Gillespie’s Baby Possum

Djilgaringa gillespiei

Reconstruction of Djilgaringa gillespiei – Art by Peter Murray


Djilgaringa gillespiei (meaning Gillespie’s Baby Possum) is an extinct species of possum belonging to an extinct family, the Pilkipildridae. Pilkipildrids are a rare component of the fossil record of Australia and have been recovered from only a few sites from the middle Miocene of Riversleigh World Heritage Area and from the late Oligocene of South Australia. Djilgaringa gillespiei is represented only two specimens, a lower jaw and an upper molar. It was likely to be omnivorous, but may have also been specialised in eating seeds and hard fruits.


Body size estimate

Body mass estimated around 300-700grams.


Distribution and locality

Djilgaringa gillespiei is only known from Riversleigh. It is found in the following Riversleigh site:

Faunal Zone C (middle Miocene) – Gag Site and Last Minute Site.



It is found in Riversleigh Faunal Zone C. Faunal Zone C is considered to represent rainforest environments.


Feeding and Diet

Very little is know is known about this group of possums. They are likely to be omnivorous, unless they were specialists in eating seed and hard fruits.


Fossils of Djilgaringa gillespiei. A) Lower jaw B) Upper molar

Fossils of Djilgaringa gillespiei
A) Lower jaw
B) Upper molar

Fossil material

Djilgaringa gillespiei is known from a lower jaws (QM F13028), a single upper molar (QM F14371).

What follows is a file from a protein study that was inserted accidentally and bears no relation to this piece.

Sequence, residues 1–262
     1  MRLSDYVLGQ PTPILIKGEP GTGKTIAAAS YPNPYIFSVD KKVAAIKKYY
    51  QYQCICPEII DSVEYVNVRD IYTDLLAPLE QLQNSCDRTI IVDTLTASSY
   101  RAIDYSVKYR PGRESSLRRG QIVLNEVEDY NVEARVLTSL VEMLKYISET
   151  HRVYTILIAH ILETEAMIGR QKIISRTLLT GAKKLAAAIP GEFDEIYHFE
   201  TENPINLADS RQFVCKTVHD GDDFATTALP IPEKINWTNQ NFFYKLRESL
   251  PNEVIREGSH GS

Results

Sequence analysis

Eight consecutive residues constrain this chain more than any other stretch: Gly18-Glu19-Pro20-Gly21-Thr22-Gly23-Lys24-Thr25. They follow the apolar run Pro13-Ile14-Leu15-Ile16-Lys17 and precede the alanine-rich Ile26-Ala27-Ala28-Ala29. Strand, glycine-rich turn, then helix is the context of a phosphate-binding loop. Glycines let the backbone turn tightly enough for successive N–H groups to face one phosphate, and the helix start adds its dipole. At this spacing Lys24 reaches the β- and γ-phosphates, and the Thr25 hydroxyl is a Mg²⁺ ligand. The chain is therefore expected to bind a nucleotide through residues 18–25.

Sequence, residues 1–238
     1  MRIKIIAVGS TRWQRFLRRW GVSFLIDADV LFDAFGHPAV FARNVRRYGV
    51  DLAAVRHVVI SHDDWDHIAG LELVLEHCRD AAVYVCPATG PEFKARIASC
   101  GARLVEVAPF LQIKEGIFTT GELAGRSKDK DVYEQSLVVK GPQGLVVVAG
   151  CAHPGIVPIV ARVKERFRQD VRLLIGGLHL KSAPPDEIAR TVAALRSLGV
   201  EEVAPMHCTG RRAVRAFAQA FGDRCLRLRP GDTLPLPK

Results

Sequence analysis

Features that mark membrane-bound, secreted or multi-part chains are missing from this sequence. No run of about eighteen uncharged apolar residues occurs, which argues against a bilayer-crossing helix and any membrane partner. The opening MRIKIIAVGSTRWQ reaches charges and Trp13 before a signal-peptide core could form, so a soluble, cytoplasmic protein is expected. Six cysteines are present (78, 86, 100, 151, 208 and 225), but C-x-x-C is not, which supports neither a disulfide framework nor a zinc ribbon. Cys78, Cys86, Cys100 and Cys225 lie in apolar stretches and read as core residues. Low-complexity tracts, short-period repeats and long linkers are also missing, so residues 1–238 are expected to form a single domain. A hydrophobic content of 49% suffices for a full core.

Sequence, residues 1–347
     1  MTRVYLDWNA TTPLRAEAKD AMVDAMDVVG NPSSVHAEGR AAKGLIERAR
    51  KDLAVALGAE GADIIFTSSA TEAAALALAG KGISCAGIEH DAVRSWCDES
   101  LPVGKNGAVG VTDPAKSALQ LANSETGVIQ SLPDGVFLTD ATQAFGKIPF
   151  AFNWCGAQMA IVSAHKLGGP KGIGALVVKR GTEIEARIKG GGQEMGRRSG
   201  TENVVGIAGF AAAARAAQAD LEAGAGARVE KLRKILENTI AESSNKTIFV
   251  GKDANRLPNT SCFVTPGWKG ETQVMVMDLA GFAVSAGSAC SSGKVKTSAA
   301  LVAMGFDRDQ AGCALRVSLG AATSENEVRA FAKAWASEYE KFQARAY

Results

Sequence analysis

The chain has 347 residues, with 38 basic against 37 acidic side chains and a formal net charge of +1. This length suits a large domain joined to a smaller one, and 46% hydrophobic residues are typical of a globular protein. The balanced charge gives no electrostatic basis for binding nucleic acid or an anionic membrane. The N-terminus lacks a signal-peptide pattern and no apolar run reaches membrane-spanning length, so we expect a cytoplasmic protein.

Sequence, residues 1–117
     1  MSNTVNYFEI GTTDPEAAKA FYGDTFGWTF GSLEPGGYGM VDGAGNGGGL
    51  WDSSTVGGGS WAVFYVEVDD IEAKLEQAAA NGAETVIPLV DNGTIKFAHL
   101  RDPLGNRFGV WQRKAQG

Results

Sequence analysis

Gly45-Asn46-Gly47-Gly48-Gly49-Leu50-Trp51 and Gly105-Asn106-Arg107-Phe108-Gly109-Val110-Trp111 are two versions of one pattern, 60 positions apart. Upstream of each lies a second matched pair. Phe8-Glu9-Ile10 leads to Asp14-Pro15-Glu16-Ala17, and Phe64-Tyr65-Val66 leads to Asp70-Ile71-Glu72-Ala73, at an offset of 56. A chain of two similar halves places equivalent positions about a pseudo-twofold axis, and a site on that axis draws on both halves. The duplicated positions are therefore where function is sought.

Evolutionary Relationships

Very little is known about their evolutionary relationship. They may be related to other possums such as brushtail possums (Family Phalangeridae) or gliders (Family Petauridae), but they may be more closely related to other extinct groups of possums such as Miralinidae and Ektopodontidae.





  • Archer, M., Hand, S.J. & Godthelp, H. 1994. Riversleigh: the Story of Animals in Ancient Rainforests of Inland Australia. Reed Books, Sydney.
  • Archer, M., Tedford, R. H. and Rich, T. H. 1987. The Pilkipildridae, a new family and four new species of ?Petauroid possums (Marsupialia: Phalangerida) from the Australian Miocene. In Possums and Opossums: Studies in Evolution, M. Archer, ed., Surrey Beatty & Sons & the Royal Zoological Society of New South Wales, Chipping Norton, Australia, 607-627.


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